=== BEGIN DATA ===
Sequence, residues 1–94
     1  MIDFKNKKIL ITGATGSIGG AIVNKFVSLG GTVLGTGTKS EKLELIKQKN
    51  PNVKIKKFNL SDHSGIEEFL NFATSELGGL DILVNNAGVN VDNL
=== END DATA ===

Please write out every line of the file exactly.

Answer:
Sequence, residues 1–94
     1  MIDFKNKKIL ITGATGSIGG AIVNKFVSLG GTVLGTGTKS EKLELIKQKN
    51  PNVKIKKFNL SDHSGIEEFL NFATSELGGL DILVNNAGVN VDNL